All you have to do to enter the draw is to leave a comment on this post. Please provide an email address so that if you win the author can get in touch with you to arrange delivery of the e-book. Entries will be taken until midnight (Australian Central Standard Time) on Thursday, 31 January 2013. The winner will be announced on Saturday, 2 February 2013.
Giveaway is open to everyone because we all deserve a free book every now and then.
Best of luck!

Sunday, January 13, 2013

The Week in Pictures...

** As I type this it is overcast outside and a refreshing, cool breeze is coming through the window: The complete opposite to the sweltering conditions we had at the start of the week! The heatwave finally broke on Wednesday when it reached 31*C (bliss!), but not before the garden suffered some serious heat damage: I have had to cut back the cucumber vines that got burnt to a crisp; the geraniums are a shrivelled mess; and the lamb's ear appears to have melted. Oh, summer, how I despise thee.
** I picked the first of the cherry tomatoes this week - so sweet and juicy. I consume half of what I've picked before I even make it from the vegie patch to the kitchen. It's alright, though, because the plants are loaded and still flowering. I wish I'd had such luck with all the tomatoes I planted, but no. I am resolved never to purchase seedlings from the supermarket ever, ever again. LESSON LEARNED. Instead I've been browsing online for organic heirloom varieties to grow from seed. (If you're familiar with purchasing heirloom seeds online I could use the recommendations).
** I send out a lot of mail art but don't usually receive a lot, so I was absolutely tickled pink to receive two pieces in the mail this week, one of which was an amazing handmade postcard from Heleen in the Netherlands. It has a snail on it. A snail with a letter. LOVE IT.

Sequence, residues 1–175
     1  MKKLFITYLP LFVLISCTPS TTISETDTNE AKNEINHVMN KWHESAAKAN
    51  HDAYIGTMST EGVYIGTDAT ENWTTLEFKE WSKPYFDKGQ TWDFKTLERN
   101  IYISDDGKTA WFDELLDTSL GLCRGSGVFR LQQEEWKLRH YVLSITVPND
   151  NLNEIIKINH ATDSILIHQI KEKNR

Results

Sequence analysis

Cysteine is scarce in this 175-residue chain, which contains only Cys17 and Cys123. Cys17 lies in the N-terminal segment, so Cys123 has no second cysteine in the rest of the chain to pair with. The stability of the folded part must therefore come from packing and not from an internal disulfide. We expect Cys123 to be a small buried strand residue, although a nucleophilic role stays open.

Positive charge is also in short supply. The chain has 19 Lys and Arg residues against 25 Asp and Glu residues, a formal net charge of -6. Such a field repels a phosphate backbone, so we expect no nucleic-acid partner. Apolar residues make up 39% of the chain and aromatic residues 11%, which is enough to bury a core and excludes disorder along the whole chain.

** I am quite content to sit for hours with Rhonda Hetzel's Down to Earth, a simple living magazine and a pot of tea.
What simple pleasures did you enjoy this week?

Friday, January 11, 2013

365 Mail Art Project: Week 14

At the start of the week I received a wonderfully decorated letter from my penfriend, Laura, in Victoria, Australia. She'd decorated it with Mary Engelbreit pictures and included extras for me to use as part of my 365 Mail Art Project. Perfect timing, really, as I'd struggled to come up with a theme for this week: I like to use themes as they keep me focused on the task at hand. Also, it makes each piece like a series within a series and I think that's kind of nifty.
Do you find creating with a theme in mind easier as well or are you completely spontaneous?
#40 of 365:
The first of the Mary Engelbreit pieces, which I entitled "Midsummer", is on its way to Raquel in Sweden, whose street is Midsommargrand. I assure you that was entirely accidental.